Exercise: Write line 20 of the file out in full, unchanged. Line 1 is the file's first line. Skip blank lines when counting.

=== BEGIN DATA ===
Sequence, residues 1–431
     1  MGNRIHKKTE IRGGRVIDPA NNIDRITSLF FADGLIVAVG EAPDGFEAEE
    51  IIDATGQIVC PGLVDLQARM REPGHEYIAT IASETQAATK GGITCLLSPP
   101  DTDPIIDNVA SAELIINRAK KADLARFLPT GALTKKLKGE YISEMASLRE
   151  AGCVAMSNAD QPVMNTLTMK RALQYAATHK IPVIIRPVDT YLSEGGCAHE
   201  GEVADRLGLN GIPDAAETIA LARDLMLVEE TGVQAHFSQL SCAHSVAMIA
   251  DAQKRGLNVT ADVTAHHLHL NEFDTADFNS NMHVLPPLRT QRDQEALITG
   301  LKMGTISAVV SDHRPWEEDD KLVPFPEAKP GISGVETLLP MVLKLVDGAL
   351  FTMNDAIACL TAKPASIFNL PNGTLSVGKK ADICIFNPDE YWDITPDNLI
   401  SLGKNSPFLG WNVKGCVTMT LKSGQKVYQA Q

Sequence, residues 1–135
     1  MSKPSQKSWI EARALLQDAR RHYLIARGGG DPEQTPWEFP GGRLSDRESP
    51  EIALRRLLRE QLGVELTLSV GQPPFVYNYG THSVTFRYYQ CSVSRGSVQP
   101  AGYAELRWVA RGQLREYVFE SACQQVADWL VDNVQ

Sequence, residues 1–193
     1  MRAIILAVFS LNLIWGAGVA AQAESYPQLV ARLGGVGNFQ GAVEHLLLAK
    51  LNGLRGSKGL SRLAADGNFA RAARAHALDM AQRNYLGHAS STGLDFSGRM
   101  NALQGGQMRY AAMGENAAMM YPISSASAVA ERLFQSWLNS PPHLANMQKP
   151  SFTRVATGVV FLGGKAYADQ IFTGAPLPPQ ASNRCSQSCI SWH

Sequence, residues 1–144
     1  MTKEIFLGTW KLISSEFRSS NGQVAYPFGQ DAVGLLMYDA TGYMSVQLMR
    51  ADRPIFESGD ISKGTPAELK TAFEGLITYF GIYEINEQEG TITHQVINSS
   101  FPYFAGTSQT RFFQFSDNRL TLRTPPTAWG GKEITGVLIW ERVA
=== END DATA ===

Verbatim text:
Sequence, residues 1–144